ADEN, Yemen, July 27 (Xinhua) -- The Saudi-led Arab coalition stepped up military operations by launching a series of airstrikes against Iran-backed Houthi rebels in the Red Sea coastal city of Hodeidah on Friday, a military official told Xinhua.
Since the Houthi attack against two Saudi Arabia's giant crude carriers on Wednesday, the Saudi-led coalition has intensified airstrikes on Houthi-controlled areas in Hodeidah, the local military source said on condition of anonymity.
Intensive airstrikes are targeting military police headquarters and other bases controlled by the Houthi fighters in Hodeidah, causing damage to the city's infrastructure, according to the source.
The airstrikes also badly affected a number of houses and factories near the Houthi-controlled sites in Zabid, Durayhmi and Zayidiyah areas in Hodeidah, he added.
On Thursday night, residents told Xinhua by phone that numerous Houthi-held areas in downtown Hodeidah were struck by Saudi-led airstrikes.
Dozens of families were forced to flee their homes following the intensive airstrikes. There was no immediate word on casualties.
The pro-Houthi Al Masirah television station said on Friday that warplanes of the Saudi-led coalition shelled Hodeidah's seaport, providing no further details.
Officials of the Saudi-backed Yemeni government based in the southern port city of Aden refused to verify such reports.
Meanwhile, the media center of the pro-government Giants Brigades reported that several battalions were mobilized to storm Houthi-controlled areas in Hodeidah, including the historic city of Zabid.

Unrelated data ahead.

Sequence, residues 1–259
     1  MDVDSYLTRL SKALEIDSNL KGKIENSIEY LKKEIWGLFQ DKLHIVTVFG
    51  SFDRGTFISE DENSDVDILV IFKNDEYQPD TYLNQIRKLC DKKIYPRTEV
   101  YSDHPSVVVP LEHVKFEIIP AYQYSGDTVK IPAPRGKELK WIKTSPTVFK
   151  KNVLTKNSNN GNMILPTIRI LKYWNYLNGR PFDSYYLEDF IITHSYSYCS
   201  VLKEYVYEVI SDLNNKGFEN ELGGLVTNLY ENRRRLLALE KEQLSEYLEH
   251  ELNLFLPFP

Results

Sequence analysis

An army commander told Xinhua by phone that the anti-Houthi forces, backed by the United Arab Emirates (UAE), received instructions to advance militarily and liberate the city from rebels.
The intensifying fighting came just hours after the United Nations special envoy to Yemen Martin Griffiths left the Houthi-controlled capital Sanaa following a three-day visit aimed at reviving the stalled peace process between the two warring rivals.
Griffiths held meetings with high-ranking Houthi leaders in Sanaa, but they refused to accept an initiative demanding their full withdrawal from Hodeidah as a precondition for resuming peace negotiations, according to local Yemeni sources.
Observers say the UN envoy failed to stop the ongoing fighting and the Saudi-backed government of President Abd-Rabbu Mansour Hadi might order the armed forces to resume the offensive particularly after the latest military escalation started by the rebels.
On Wednesday, two oil tankers belonging to the Saudi National Shipping Company, each carrying two million barrels of crude oil, were attacked by the Houthi rebels in the Red Sea when crossing the Strait of Bab el-Mandeb.
The Houthi attack forced Saudi Arabia to suspend all shipments of crude oil through the strait until navigation could be secured.
Yemeni Vice President Ali Mohsen described the Houthi attack against Saudi oil tankers as a deliberate terror attack aimed at disrupting the maritime traffic and obstructing the tireless efforts the UN envoy is making for peace.
On June 13, the Saudi-led Arab coalition, in support of the internationally-recognized government of President Hadi, declared a major assault to recapture Hodeidah and Yemen's western Red Sea coast from Houthis.
The Yemeni government and Saudi Arabia have repeatedly accused the Houthis of using the port to smuggle in Iranian weapons. Both Houthis and Iran have denied the accusation.
Humanitarian agencies have warned of any attack on the port, saying it would lead to the world's biggest humanitarian catastrophe in modern history.
Hodeidah is the single most important point of entry for food and basic supplies to Yemen's northern provinces controlled by Houthis, including the capital Sanaa.
The United Nations reported that more than 121,000 residents have fled the war-torn city of Hodeidah and other parts of the namesake province since June 1.